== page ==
values = DiscreteValueStream.manual

You can put something onto a stream and look at it:

values.most_recent_value   #=> 5

As you might expect, you can have one stream follow another:

 boring_values = DiscreteValueStream.manual
 excited_values = DiscreteValueStream.follows(boring_values) do | b | 
     b.upcase + "!"

excited_values.most_recent_value #=> "PARTY!"

The outside world

The “reactive world” is one in which values are tied together with relationships created by follows. But that reactive world is embedded within other code that's not reactive. For example, it might be that a change to a reactive value should make a user interface control change what it displays.

That can be done by handing a callback to the reactive value. Here's how a new addition to a value stream can affect the non-reactive world:

excited_values.on_addition do | most_recent |
   puts "This new value has been added: #{most_recent}"

# This new value has been added: VEGETATE!

The same can be done with time-varying-values, but the method name is different (for clarity):

tvv = TimeVaryingValue.starting_with(8)
tvv.on_change do | current |
  puts "New value: #{current.inspect}"

tvv.change_to("Veterinarians >> human medicine people")
New value: "Veterinarians >> human medicine people"

An end-to-end-example

Consider a model-view-controller architecture that lets a user control a particular hardware setting. The user interface displays the current setting, and provides controls to let the user change it by some delta. In a typical MVC implementation, the controller takes an active role in shuttling events and values between layers of the system. But that responsibility could be implemented declaratively with reactive values.

Let's begin!

The current hardware setting is a time-varying value:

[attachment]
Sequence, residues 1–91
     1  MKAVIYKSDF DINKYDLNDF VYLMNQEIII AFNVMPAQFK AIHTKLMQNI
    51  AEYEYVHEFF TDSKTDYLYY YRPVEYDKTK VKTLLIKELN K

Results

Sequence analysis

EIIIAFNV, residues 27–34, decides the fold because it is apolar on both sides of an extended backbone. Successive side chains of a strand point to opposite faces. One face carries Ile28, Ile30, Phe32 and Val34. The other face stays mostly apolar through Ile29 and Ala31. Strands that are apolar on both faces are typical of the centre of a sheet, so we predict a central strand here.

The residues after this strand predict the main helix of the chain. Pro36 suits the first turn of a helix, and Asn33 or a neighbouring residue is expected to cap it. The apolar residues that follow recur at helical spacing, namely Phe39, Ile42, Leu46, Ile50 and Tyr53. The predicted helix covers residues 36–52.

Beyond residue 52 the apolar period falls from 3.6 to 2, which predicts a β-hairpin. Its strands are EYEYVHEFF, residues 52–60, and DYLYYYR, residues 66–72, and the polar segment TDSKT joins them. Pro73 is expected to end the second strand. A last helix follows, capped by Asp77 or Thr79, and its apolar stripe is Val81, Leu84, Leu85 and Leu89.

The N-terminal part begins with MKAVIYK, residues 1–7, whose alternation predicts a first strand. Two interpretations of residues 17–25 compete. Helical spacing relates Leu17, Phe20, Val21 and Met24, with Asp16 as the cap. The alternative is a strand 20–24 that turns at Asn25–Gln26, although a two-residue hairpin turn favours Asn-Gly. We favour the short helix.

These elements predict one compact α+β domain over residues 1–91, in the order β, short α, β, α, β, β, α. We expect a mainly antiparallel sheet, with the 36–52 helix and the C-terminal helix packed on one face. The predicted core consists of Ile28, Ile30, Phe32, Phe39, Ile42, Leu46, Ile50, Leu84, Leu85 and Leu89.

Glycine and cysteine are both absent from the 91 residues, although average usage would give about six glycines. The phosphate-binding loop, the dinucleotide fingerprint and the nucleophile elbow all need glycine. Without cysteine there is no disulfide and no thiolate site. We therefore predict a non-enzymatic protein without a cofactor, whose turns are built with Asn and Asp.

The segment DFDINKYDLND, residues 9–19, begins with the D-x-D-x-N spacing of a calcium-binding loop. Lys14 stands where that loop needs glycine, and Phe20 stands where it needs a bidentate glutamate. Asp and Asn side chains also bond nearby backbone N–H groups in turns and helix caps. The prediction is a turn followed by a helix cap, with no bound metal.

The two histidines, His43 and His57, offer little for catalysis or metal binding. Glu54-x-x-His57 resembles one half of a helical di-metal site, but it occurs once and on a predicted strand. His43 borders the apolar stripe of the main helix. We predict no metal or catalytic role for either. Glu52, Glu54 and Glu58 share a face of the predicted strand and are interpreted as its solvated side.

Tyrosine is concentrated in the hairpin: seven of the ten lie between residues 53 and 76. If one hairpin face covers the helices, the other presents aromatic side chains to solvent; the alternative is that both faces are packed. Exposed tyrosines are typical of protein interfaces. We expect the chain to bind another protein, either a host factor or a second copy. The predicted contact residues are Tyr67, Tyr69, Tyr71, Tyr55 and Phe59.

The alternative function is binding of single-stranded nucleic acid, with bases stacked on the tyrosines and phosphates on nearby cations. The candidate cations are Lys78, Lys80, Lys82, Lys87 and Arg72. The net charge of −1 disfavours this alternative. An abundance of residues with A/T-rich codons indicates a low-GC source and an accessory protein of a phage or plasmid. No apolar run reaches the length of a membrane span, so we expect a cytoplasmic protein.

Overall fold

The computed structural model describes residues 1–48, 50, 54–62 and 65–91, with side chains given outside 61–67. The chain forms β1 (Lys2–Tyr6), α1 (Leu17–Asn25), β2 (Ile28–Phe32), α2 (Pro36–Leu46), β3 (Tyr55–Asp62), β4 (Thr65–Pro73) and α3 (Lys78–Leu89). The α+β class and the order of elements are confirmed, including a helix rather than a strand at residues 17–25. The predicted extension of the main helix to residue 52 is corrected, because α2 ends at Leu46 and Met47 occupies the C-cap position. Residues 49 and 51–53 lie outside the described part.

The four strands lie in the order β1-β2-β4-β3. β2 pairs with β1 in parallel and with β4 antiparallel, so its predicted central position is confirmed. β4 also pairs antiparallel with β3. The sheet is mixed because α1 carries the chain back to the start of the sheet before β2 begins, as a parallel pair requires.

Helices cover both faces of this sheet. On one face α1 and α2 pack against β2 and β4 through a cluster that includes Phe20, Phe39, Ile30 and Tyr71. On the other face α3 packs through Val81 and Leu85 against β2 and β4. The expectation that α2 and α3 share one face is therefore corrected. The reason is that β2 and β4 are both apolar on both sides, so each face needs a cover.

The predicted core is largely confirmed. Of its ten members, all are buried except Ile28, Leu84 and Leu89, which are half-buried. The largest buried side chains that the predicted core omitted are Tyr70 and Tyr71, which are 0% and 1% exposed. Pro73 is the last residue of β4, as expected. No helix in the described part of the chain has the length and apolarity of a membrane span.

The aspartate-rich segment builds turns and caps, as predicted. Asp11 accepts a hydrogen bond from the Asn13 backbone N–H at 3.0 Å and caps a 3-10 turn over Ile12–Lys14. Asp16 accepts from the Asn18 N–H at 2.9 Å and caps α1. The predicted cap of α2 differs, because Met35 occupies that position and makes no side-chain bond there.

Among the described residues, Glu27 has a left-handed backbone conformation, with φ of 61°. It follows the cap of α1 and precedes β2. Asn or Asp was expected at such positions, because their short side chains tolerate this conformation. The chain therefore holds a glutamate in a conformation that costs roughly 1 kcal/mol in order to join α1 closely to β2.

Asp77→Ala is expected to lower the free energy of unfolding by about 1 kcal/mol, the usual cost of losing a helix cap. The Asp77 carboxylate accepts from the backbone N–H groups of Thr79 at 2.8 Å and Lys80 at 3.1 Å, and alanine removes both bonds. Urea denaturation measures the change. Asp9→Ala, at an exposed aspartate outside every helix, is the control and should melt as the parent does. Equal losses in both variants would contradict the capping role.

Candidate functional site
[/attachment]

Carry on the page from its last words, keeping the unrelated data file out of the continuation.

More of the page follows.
hardware_setting = TimeVaryingValue.starting_with(50)

The user's actions can be considered to be a stream of delta values:

deltas = DiscreteValueStream.manual

That stream of deltas should be combined with the hardware setting to produce a stream of desired settings:

user_changes = DiscreteValueStream.follows(deltas) do |delta|
    delta + hardware_setting.current

(Alternately, we could be more terse:

user_changes = deltas + hardware_setting.current

… but that would be showing off.)

Note: I'm not having the user_changes follow the hardware settings because independent changes to the hardware don't count as user changes.

When a user asks for a change, the hardware should be told to change. That steps out of the reactive framework, so it requires a callback. I'm going to pretend that the callback does lots of work to interact with the hardware and, if that work succeeds, changes the hardware_setting value:

user_changes.on_addition do |value|
  # The code talks to the real hardware and also sets the authoritative value:

At this point, we've propagated the user's desires “downward” (toward the hardware), but we also have to propagate the truth about the hardware upward (toward the user interface). We could have the user interface directly reflect the low-level hardware_setting value, but lets decouple things a bit by having the displayed value follow the hardware_setting:

value_displayed = TimeVaryingValue.follows(hardware_setting)

(There'd presumably be some sort of on_change callback to put changed values into the user-interface control.)

So, now that we've done this wiring, how does it work?

The hardware setting starts at 50, because we told it that's the default:

hardware_setting.current #=> 50

Because the displayed value follows the hardware setting, it too is 50:

value_displayed.current #=> 50

Suppose the user clicks a button, enters a text value, or drags a slider—whatever. That provokes code that adds a value to the deltas stream. Let's simulate that:


Did that count as a new user_change? Yes:

user_changes.most_recent_value  #=> 55

Did that (via the callback) change the value of the hardware setting? Yes:

hardware_setting.current #=> 55

Was that value reflected up to the user interface? Yes:

value_displayed.current #=> 55

All this was done declaratively (with a sort of DSL), rather than with writing controller methods. That's the promise of reactive programming.


Copyright © 2012 Brian Marick. See LICENSE.txt for further details.